Six members of a non-governmental organization, Crisis in Zimbabwe Coalition, on Tuesday met with Namibian president Gabe Geingob, who is the chairperson of the Southern African Development Community (SADC), and urged him to intervene in Zimbabwe to end serious social and economic problems, which they claim may lead to civil unrest.
Rashid Mahiya, chairperson of the organization, says they told Geingob that they are worried about skyrocketing prices of basic commodities, crippling shortages of goods and cash and the militarization of the state, just two months after innocent civilians were gunned down by the Zimbabwe National Army while some suspected opposition supporters were pressing the Zimbabwe Electoral Commission to release results of the July 30 presidential election won by President Emmerson Mnangagwa.
“There is a lot of mistrust. The level of mistrust and polarization in Zimbabwe makes it increasingly difficult for us to move forward as a country, So, we came here to engage with the president, and to engage on these issues. The state of the economy is such that people cannot afford basic services like medication, health, even basics like food … like bread. The cost of bread is going up. The environment as far as we are concerned as Crisis in Coalition is explosive, it is dangerous. It might actually lead to social unrest and we think it is important that SADC puts Zimbabwe on the agenda to avert a complete meltdown.”
He pointed out that the Namibian leader noted that the SADC leaders won’t be able to change the outcome of the July presidential poll.
“His position was clear with regards to elections that as SADC they can only respect what they call the legitimate results which is a product of electoral processes and confirmed by the courts but he concurred with us that there was need for a conversation and dialogue to take place in Zimbabwe for us to solve the crisis.”
Mahiya, who says Geingob may not act swiftly on their concerns due to close relations between former liberation movements - Namibia’s ruling South West African People’s Organization (SWAPO) and President Mnangagwa’s Zanu PF - further urged Geingob to inform some of his ageing colleagues to groom young leaders for the benefit of the African continent.
“… We appreciate the principle of sovereignty of nations so we don’t expect a superman action by the president. We expect him to engage, we expect him to talk to his counterparts.”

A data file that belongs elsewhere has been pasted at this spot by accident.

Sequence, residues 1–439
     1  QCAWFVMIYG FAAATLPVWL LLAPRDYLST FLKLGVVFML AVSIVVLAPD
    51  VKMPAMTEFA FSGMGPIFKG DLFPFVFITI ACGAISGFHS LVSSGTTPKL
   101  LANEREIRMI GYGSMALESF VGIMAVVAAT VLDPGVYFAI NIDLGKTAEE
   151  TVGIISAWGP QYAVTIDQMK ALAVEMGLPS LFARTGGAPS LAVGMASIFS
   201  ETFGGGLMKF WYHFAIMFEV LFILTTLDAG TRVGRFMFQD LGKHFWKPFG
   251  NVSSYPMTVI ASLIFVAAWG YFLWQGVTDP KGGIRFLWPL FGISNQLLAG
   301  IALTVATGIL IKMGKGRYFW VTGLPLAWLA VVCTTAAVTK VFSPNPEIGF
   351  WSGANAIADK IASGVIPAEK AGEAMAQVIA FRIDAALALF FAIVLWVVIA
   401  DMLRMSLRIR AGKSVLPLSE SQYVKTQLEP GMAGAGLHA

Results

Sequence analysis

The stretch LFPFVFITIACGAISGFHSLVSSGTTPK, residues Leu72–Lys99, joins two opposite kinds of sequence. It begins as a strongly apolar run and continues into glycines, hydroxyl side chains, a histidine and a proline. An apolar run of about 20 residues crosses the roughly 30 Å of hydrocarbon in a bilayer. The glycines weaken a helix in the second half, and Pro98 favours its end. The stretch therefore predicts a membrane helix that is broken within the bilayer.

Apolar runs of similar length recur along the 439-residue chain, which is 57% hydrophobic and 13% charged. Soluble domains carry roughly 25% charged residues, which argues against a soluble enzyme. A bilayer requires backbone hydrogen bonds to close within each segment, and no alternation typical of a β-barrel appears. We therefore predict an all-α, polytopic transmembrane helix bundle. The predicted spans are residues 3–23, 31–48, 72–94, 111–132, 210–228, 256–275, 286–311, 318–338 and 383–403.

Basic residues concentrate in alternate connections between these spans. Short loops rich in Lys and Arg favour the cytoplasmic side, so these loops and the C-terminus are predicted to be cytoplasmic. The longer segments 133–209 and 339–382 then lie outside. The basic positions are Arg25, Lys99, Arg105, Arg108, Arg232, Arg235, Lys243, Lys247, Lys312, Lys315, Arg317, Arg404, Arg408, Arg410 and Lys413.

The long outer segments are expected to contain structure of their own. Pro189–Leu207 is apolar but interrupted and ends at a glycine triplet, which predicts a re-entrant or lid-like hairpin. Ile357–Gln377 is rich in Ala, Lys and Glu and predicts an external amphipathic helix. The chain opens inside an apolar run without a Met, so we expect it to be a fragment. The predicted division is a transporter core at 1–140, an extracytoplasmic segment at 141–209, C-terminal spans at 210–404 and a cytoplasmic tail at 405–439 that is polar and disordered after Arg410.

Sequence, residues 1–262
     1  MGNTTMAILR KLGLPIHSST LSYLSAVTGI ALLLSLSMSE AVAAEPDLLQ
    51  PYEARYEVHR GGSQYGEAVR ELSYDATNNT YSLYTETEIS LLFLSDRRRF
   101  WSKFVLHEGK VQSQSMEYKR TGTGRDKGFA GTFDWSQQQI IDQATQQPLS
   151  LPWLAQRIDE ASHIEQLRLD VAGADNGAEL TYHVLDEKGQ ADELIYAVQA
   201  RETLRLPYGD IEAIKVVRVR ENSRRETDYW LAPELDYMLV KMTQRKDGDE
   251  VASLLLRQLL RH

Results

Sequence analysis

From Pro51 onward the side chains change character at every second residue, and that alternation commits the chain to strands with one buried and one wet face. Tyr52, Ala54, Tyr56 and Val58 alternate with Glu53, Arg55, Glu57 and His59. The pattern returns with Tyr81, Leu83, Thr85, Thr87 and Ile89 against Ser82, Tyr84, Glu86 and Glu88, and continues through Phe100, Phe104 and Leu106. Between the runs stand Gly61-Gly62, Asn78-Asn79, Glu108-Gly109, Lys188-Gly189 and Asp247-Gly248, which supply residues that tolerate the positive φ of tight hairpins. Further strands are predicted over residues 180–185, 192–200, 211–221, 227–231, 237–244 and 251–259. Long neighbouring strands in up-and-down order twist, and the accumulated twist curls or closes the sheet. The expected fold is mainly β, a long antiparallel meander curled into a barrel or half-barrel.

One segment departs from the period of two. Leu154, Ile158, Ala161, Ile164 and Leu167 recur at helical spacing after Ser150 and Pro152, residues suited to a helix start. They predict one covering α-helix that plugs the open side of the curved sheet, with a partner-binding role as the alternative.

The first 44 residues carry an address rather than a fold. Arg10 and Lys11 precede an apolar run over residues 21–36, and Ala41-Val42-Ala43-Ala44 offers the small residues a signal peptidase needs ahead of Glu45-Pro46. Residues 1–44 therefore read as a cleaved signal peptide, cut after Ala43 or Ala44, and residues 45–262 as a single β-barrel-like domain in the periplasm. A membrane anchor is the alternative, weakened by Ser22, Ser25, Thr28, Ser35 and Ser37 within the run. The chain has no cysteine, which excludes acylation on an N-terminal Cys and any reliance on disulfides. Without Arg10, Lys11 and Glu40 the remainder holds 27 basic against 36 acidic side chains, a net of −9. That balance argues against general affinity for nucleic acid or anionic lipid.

He says they are worried about the militarization of the state in Zimbabwe, a situation that was brought to the attention of Geingob. “We also raised with him the issue of the militarization of the state … that the state was highly militarized and made it difficult for citizens to engage with the state.
The Crisis in Zimbabwe Coalition team which wraps up its visit in Namibia on Wednesday, is expected to engage President Mnangagwa, President Cyril Ramaphosa of South Africa, Angolan president Joao Lourenco and President Mokgweetsi Masisi of Botswana about the deteriorating situation in Zimbabwe.
Zanu PF member, Effort Nkomo, says Crisis in Zimbabwe Coalition is wasting its time as there is no crisis in Zimbabwe.
“… In any situation, we have people that want to create a crisis where there is no crisis. In a country like Zimbabwe we have means and ways of solving our own problems. We don’t have to run to another country (to resolve our problems). Those countries have their own problems. We don’t need to add our problems on other people’s problems. Let’s desist from that … These people are just wasting their time.”
He claims that some people are sabotaging Zimbabwe’s economy for their own benefits. “How can you have a situation where someone deliberately withdraws goods from shelves? That’s economic sabotage. If I had my way I would withdraw trading licences for such people.”
Zimbabweans have been struggling of late, following historic inflationary figures between 2001 and 2008, with goods vanishing on shop shelves and prices skyrocketing. Government blames unscrupulous businesspeople for increasing prices and taking off goods for shelves to trade in the black market.
On the other hand, independent economists say the government has no clue to running a vibrant economy.